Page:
To more broadly evaluate relationships between [18F]-FLT-PET, TK1 levels and Ki67 immunoreactivity in common cell line xenograft models, we systematically evaluated these metrics using a colon-centric panel of human cancer cell lines. The cell lines selected contained representative mutations commonly found in human cancer, including p53, BRAF, KRAS, and PI3K. Among nine models, [18F]-FLT uptake was highly variable and ranged from 1.66 - 8.89 %ID/g (Table 2). The mean uptake across the models was significantly different (Kruskal-Wallis, p <0.0001) . Ki67 positivity was variable amongst the nine cell line models, but to a lesser degree than [18F]-FLT uptake (Table 2). However, mean Ki67 scoring remained significantly different amongst the cell lines by Kruskal-Wallis analysis (p < 0.0001). TK1 IHC was evaluated in seven of the nine models (Table 2); the percentage of TK1 positive cells per field was significantly different amongst those evaluated (p < 0.0001). No statistically significant relationships were observed among mutation status (p53, BRAF, KRAS, PI3K) and [18F]-FLT uptake, Ki67 IHC scoring, or TK1 IHC scoring. The observed Spearman (nonparametric) correlations between [18F]-FLT PET, Ki67, and TK1 are found in Table 3. The Spearman correlation coefficient between [18F]-FLT uptake and Ki67 indices was -0.07 (p > 0.05), indicating correlation between these metrics consistent with random variation. However, a statistically significant (p < 0.05) Spearman correlation coefficient of 0.36 was observed between [18F]-FLT uptake and TK1 scoring. Among the seven cell line models with both Ki67 and TK1 IHC, a statistically significant (p < 0.05) Spearman correlation coefficient of 0.29 was observed. Using 10,000 bootstrap correlations derived from the data sets, ninety-five percent confidence intervals were constructed from the 2.5th and 97.5th percentiles of the bootstrapped correlations. (Table 3). As the ninety-five percent confidence intervals for [18F]-FLT uptake and TK1, as well Ki67 and TK1 scoring, did not contain 0, they were considered statistically significant (p < 0.05). However, the correlation between [18F]-FLT uptake and Ki67 scoring was not significant.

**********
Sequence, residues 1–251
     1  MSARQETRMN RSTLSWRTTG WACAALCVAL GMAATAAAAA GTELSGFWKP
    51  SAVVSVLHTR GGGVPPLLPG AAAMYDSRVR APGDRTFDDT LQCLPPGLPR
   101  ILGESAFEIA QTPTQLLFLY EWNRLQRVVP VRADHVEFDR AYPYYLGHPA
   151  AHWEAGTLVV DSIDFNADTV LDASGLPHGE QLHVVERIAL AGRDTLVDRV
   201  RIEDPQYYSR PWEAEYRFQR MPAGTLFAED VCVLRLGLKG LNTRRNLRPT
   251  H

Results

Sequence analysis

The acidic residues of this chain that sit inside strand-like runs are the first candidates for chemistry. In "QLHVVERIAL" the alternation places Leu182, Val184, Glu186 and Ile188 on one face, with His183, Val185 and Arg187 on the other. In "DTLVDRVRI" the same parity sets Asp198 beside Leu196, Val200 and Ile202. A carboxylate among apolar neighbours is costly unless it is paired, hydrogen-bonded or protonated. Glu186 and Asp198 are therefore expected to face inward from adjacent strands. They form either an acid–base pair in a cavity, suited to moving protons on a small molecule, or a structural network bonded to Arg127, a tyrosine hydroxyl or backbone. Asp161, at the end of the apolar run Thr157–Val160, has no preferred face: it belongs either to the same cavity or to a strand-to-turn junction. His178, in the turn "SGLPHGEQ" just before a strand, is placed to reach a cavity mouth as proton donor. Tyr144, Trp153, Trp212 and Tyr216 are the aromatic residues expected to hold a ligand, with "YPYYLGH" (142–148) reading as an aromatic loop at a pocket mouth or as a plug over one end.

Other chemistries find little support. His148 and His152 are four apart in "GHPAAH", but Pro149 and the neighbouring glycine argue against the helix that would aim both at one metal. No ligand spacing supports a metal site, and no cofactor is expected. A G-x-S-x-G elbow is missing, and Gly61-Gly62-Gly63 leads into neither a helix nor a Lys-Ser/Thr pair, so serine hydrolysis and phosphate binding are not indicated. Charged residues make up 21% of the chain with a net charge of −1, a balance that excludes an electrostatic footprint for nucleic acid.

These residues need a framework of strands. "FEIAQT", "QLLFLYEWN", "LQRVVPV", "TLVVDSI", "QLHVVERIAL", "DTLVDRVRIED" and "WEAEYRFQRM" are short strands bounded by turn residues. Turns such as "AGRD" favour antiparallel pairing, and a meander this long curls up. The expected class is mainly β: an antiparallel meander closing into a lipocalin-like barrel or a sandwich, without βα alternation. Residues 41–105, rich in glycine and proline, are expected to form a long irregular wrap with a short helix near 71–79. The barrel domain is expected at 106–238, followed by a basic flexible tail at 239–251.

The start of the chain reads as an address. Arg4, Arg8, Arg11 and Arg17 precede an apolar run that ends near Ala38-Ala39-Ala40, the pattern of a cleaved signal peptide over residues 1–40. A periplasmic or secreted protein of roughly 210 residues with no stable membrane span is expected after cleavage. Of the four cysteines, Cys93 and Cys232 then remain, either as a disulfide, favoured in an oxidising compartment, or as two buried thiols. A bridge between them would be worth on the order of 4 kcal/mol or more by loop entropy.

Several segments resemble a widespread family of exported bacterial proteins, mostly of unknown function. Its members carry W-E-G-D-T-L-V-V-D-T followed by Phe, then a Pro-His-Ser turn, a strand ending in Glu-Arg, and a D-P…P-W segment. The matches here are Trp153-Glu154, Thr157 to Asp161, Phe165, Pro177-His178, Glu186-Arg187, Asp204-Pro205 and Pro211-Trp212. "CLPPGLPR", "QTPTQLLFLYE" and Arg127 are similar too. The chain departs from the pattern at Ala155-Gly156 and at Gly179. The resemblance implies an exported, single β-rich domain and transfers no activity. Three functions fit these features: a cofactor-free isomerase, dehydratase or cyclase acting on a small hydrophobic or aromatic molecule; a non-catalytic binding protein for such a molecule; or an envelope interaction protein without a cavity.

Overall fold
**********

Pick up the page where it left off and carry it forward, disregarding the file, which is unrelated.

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Table 2. Characterization of [18F]-FLT uptake, IHC scoring and tumor mutation status in 8 CRC and one breast cancer cell line xenografts.

https://doi.org/10.1371/journal.pone.0058938.t002

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Table 3. Summary of Spearman correlation statistics between [18F]-FLT uptake and IHC proliferation markers including 95th percentile confidence intervals from bootstrap estimates.

https://doi.org/10.1371/journal.pone.0058938.t003

Discussion

Currently, there is considerable enthusiasm for advancing [18F]-FLT PET as a cancer imaging biomarker, especially in drug development. Commercial access to [18F]-FLT is increasing, as well as a heightened awareness of the potential of [18F]-FLT PET as a non-invasive biomarker in oncology. These efforts should be accompanied by further basic and clinical research to better inform its interpretation and use. [18F]-FLT is not a new tracer, and the degree to which [18F]-FLT PET quantitatively reflects proliferative index has been continuously debated for more that a decade. Pre-clinical and clinical studies have demonstrated varying degrees of agreement between [18F]-FLT uptake in tumors and histological markers of proliferation. In a recent survey of published preclinical studies, [18F]-FLT uptake was found to correlate with Ki67 indices in lung cancer [28], B-cell lymphoma [15] and epithelial cancer [28], but did not correlate with Ki67 in colorectal cancer [29], neuroblastoma [30], or across a variety of xenograft types [27]. Clinically, [18F]-FLT PET has been correlated with Ki67 to varying degrees as well. Correlation has been observed in lymphoma [31] and thoracic [32], [33] cancers, but not esophogeal tumors [34]. Both correlation and lack thereof has been observed in human lung [16], [35], [36], breast [37], [38], and colorectal [39], [40] cancer. Recently, we found that [18F]-FLT PET served as a non-invasive surrogate of Ki67 in Ménétrier's disease, a rare hyperproliferative disorder of the stomach [41]. Unlike our present study, other studies have not always found TK1 levels to correlate with [18F]-FLT PET uptake in a number of studies [16], [27]. Based upon this diversity of results and our desire to use non-invasive measurements of proliferation to predict treatment response [21], [22], [41] we explored the relationship between [18F]-FLT uptake and cellular metrics of proliferation in a variety of treatment-naive tumors.